Lesson # 27. Populations in Ecology. ECOLOGY. It is the study of the interaction that living things have with each other and with their environment. Importance of Ecology. It provides the information base that society can use to make decisions about the environment . E C O L O G Y .
Populations in Ecology
It is the study of the interaction that living things have with each other and with their environment
Importance of Ecology
It provides the information base that society can use to make decisions about the environment
All the members of a single species that live together in a specific geographic region.
The population of all species living in a single region.
It is the community plus all the non-living elements that interact with it (rainfall, chemicals nutrients, soil).
4- The Biosphere
It is the interactive collections of all the Earth’s ecosystems.
Populations: Size and Dynamics
Water flea Daphnia
Populations growth exponentially because each living thing is capable of playing part in giving rise to more units.
CharlesDarwin: “There is not exception to the rule that every organic being naturally increase at so high a rate, that, if not destroyed, the Earth would soon be covered by the progeny of a single pair”.
Logistic growth: Population starts growing exponentially, but eventually the rate of growth slows and finally ceases altogether, stabilizing at a certain level (K).
1- Water supply
2- Food supply
All the forces of the environment that act to limit population growth.
3- Living space
6- Wastes produced by the organisms
Carrying capacity (K)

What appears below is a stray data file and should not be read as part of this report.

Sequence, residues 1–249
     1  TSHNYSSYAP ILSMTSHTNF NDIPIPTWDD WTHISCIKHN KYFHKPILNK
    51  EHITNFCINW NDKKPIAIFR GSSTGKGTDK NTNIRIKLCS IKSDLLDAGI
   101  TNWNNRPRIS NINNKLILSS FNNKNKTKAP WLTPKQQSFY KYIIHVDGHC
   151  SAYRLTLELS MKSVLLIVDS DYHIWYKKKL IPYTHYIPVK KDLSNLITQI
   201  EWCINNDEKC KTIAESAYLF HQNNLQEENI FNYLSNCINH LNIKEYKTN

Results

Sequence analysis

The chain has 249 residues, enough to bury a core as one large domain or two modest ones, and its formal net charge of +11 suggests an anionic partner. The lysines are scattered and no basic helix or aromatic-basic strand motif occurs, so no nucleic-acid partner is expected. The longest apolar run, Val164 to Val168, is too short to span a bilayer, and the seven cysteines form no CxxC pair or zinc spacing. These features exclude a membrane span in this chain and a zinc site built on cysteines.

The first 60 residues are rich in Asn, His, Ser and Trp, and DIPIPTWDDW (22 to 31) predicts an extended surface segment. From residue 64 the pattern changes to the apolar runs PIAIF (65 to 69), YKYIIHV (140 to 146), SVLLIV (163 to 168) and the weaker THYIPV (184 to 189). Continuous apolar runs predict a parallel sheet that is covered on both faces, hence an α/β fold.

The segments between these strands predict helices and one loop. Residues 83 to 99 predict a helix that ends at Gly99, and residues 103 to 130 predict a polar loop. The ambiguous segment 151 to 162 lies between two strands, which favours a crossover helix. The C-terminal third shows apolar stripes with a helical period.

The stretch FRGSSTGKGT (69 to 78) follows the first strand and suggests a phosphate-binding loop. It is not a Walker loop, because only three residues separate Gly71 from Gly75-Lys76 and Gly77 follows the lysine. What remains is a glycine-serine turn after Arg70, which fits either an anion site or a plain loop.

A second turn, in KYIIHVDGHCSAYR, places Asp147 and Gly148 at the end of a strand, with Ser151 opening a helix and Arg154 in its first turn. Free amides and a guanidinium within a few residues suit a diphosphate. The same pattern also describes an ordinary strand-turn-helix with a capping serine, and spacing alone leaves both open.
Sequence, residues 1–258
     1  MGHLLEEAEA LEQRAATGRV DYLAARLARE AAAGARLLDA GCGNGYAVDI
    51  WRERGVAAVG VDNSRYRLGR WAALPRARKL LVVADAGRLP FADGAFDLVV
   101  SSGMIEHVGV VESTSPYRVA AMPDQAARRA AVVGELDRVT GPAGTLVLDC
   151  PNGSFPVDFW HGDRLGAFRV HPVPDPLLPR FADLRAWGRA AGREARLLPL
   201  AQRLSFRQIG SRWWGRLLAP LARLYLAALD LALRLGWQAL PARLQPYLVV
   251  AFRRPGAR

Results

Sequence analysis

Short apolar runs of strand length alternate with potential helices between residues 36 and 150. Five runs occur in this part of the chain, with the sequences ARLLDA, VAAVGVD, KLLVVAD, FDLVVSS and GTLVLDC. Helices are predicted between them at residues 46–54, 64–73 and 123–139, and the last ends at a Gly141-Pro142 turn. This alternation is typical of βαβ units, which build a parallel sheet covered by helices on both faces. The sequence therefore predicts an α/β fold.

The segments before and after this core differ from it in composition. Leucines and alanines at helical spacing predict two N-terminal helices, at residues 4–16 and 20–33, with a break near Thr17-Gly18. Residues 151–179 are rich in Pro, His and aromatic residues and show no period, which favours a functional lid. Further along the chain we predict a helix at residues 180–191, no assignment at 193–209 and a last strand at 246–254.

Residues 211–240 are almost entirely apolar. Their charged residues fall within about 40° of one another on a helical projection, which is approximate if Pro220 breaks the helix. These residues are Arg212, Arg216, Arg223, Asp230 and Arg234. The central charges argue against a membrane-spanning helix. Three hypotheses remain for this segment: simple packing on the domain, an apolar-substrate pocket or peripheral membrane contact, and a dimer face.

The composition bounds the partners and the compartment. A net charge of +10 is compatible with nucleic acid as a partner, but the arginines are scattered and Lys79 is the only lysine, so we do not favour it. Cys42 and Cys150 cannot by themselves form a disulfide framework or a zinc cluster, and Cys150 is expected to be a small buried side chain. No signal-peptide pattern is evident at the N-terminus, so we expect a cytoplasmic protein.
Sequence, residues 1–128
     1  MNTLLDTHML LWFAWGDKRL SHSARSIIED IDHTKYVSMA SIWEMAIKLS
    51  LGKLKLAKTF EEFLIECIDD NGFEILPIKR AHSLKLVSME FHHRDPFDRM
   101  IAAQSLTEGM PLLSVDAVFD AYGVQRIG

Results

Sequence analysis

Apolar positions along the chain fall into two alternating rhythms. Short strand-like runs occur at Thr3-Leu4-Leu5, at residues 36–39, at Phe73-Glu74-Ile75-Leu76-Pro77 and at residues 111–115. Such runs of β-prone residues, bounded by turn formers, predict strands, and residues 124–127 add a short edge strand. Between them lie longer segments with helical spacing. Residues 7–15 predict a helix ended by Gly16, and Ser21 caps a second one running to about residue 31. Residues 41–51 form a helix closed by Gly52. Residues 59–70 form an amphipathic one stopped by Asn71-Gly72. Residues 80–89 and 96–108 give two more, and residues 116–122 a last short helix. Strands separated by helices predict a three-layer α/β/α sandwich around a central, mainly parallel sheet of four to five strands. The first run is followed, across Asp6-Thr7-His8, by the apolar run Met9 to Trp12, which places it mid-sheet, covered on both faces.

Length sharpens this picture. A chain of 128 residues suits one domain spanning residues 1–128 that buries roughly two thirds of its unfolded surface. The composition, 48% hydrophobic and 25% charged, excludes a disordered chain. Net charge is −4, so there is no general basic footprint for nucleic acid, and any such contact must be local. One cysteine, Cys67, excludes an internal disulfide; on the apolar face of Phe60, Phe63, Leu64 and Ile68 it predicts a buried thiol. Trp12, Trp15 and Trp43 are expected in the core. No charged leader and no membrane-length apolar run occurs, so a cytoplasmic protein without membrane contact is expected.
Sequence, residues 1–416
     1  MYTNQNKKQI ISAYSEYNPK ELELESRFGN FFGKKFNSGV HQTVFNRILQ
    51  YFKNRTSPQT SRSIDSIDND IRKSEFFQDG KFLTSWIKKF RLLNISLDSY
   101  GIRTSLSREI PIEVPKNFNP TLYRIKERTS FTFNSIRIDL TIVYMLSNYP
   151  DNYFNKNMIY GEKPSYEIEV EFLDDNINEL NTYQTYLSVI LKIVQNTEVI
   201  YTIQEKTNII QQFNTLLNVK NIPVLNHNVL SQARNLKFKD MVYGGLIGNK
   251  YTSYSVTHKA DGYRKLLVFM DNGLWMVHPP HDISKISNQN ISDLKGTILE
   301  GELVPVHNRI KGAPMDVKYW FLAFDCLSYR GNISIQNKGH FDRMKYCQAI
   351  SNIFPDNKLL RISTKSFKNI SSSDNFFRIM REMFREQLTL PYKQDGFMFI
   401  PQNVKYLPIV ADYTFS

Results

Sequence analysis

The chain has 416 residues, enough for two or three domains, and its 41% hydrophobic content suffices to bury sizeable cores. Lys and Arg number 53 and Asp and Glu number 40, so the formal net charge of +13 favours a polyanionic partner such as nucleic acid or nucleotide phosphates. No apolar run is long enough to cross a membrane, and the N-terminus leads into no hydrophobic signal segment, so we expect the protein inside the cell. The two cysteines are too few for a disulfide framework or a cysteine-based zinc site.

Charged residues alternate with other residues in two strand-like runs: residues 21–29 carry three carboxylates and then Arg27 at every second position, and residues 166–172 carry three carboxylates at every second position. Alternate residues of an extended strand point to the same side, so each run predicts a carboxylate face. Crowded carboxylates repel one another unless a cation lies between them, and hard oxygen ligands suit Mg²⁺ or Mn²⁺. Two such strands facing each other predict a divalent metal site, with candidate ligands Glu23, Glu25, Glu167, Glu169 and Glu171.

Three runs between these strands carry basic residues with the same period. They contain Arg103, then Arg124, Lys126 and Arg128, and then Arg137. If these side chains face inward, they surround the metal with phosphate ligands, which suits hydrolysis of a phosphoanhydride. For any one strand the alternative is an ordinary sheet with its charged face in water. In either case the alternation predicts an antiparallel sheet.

It is the maximum population density of a given species that a defined geographical area can sustain over time.
When species stabilize their rate of growth to a certain level they are known as “equilibrium species”
The growth of the population of equilibrium species is limited by carrying capacity (K)
Fly population increases enormously
Abundant food supply
Change in temperature
Fly population decreases enormously
Food is gone
In contrast to equilibrium species, other species like houseflies tends to fluctuate greatly in reactions to variations in its environment
When population size tends to fluctuate greatly in reactions to variations in its environment they are known as “opportunistic species”
The population sizes of these species tend to be only limited by their reproductive rate ( r ).
r-selected species: Species whose population sizes tend to be limited by reproductive rate.
Limited by carrying capacity (K)
Limited by reproductive rate ( r )
Produce fewer offspring
Produce many offspring
Provide greater care for offspring
Provide no care for offspring